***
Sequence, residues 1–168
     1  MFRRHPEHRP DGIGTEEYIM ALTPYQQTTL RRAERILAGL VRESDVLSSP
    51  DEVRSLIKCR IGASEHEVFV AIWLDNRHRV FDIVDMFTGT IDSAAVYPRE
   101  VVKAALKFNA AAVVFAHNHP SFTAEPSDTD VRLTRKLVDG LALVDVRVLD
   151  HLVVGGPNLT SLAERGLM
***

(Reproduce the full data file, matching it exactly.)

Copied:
Sequence, residues 1–168
     1  MFRRHPEHRP DGIGTEEYIM ALTPYQQTTL RRAERILAGL VRESDVLSSP
    51  DEVRSLIKCR IGASEHEVFV AIWLDNRHRV FDIVDMFTGT IDSAAVYPRE
   101  VVKAALKFNA AAVVFAHNHP SFTAEPSDTD VRLTRKLVDG LALVDVRVLD
   151  HLVVGGPNLT SLAERGLM